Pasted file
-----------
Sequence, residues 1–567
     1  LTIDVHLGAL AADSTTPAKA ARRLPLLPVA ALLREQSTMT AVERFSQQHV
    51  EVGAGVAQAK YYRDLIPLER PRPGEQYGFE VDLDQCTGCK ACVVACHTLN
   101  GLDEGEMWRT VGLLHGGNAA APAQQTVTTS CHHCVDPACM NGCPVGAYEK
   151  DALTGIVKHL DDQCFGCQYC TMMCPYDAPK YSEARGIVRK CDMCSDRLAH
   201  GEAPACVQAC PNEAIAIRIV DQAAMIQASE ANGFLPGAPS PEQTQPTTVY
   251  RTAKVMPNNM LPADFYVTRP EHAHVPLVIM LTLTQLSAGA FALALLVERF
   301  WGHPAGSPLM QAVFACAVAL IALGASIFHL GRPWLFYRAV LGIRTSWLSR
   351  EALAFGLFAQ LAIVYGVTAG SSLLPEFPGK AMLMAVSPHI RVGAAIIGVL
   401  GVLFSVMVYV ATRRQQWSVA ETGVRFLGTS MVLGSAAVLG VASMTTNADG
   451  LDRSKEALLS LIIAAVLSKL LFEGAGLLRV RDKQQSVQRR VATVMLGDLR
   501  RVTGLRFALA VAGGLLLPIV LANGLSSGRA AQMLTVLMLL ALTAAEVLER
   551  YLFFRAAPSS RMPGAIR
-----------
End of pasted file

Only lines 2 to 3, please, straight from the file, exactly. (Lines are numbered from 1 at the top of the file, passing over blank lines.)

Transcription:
     1  LTIDVHLGAL AADSTTPAKA ARRLPLLPVA ALLREQSTMT AVERFSQQHV
    51  EVGAGVAQAK YYRDLIPLER PRPGEQYGFE VDLDQCTGCK ACVVACHTLN